Will Gretchen Carlson’s Case Against Roger Ailes Go Through the Courts, Not Arbitration, Because of Sloppy Drafting?

You may have heard about the lawsuit that Gretchen Carlson filed against Roger Ailes.  According to the New York Times:

“Roger Ailes, the chairman of Fox News, was accused on Wednesday of forcing out a prominent female anchor after she refused his sexual advances and complained to him about persistent harassment in the newsroom, a startling accusation against perhaps the most powerful man in television news.

“In a lawsuit, the anchor, Gretchen Carlson, a longtime Fox employee who left the network last month, portrays Mr. Ailes as a loutish and serial sexual harasser, accusing him of ogling her in his office, calling her ‘sexy,’ and describes a boys’ club environment at the network.

“Her charges — including the accusation that Mr. Ailes explicitly asked Ms. Carlson for a sexual relationship during a meeting in his office — amounted to an almost unprecedented public attack on Mr. Ailes, a towering figure in media and Republican politics who typically enjoys absolute loyalty from his employees.

“Late Wednesday, the parent company of Fox News, 21st Century Fox, issued a measured statement, saying it had ‘full confidence’ in Mr. Ailes, but had initiated an internal review of Ms. Carlson’s charges. ‘We take these matters seriously,’ the company said.”

Carlson’s employment agreement included an arbitration clause and Ailes has moved to have the case heard in arbitration.  Carlson’s complaint names Ailes and not Fox, so she argues that the case may be heard in arbitration since the agreement doesn’t cover a complaint against Ailes personally.

Washington Post blogger Eric Wemple quotes Paul Bland, executive director of Public Justice, as saying that the arbitration clause was poorly drafted as Ailes appears to be a non-party. Any of our arbitration gurus have an opinion about this?

This case seems somewhat similar to the controversy about Anita Hill’s allegations of sexual harassment against Clarence Thomas. Ailes tries to discredit Carlson, noting that she had praised him and wanted to stay with the network.  Several female Fox personalities have issued statements supporting Ailes and denying sexual harassment.  And other women have now claimed that Ailes had harassed them.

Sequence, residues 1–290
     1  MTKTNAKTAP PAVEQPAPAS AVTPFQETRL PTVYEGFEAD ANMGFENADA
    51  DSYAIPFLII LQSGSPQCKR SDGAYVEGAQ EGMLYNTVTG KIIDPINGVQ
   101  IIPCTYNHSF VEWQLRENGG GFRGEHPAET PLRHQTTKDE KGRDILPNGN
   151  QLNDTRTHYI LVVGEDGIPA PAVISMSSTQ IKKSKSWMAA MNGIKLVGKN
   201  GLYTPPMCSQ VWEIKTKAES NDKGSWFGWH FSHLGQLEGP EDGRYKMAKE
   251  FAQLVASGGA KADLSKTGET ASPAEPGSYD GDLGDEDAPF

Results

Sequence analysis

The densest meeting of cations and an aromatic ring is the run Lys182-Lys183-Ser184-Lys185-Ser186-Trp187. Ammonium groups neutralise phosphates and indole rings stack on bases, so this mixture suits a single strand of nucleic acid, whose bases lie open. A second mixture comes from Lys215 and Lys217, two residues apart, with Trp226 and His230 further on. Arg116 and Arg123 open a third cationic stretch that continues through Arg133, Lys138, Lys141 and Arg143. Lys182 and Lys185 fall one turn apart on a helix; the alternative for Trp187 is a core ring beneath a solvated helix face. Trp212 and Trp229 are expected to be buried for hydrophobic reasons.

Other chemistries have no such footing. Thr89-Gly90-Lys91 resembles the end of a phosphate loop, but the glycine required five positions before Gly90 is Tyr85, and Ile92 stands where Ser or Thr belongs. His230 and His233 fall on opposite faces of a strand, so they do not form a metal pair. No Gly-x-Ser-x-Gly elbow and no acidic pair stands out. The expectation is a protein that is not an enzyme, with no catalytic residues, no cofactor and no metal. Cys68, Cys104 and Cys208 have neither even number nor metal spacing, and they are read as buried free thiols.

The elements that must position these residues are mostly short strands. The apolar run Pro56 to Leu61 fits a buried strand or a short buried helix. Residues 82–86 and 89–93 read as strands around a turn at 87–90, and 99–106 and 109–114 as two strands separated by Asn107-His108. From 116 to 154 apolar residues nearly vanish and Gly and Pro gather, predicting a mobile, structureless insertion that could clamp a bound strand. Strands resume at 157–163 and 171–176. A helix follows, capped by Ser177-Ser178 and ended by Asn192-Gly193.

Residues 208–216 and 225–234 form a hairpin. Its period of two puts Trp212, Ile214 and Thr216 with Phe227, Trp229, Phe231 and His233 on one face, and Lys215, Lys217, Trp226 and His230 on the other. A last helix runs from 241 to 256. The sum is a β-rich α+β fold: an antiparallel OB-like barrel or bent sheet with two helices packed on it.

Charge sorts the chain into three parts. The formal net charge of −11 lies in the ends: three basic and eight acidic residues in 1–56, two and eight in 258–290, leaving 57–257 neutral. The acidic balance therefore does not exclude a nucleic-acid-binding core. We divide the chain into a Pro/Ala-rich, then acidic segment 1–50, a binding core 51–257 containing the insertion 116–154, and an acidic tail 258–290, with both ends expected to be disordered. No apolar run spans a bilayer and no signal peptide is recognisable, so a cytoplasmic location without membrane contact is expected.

If Carlson does bring a case against Fox, the following collection of video clips of her co-hosts on Fox and Friends seems like a painful textbook illustration of a hostile work environment.

Given the high profile of the parties and sensational allegations, we will probably hear a lot more about this case.  Hopefully, it will provide a valuable reminder about the serious problem of sexual harassment, which unfortunately still continues.

5 thoughts on “Will Gretchen Carlson’s Case Against Roger Ailes Go Through the Courts, Not Arbitration, Because of Sloppy Drafting?”

  1. Gretchen Carlson, who sought to avoid arbitration by filing a lawsuit against Fox News CEO Roger Ailes but not against Fox, published an op-ed in the New York Times about ending sexual harassment.

    She argued that “companies should not be allowed to force employees to sign contracts that include arbitration clauses under which all discrimination disputes, including sexual harassment claims, can be resolved only in a secret proceeding. Women who are unaware that other women have come forward are less likely to speak up themselves. Secrecy silences women and leaves harassers free from accountability.”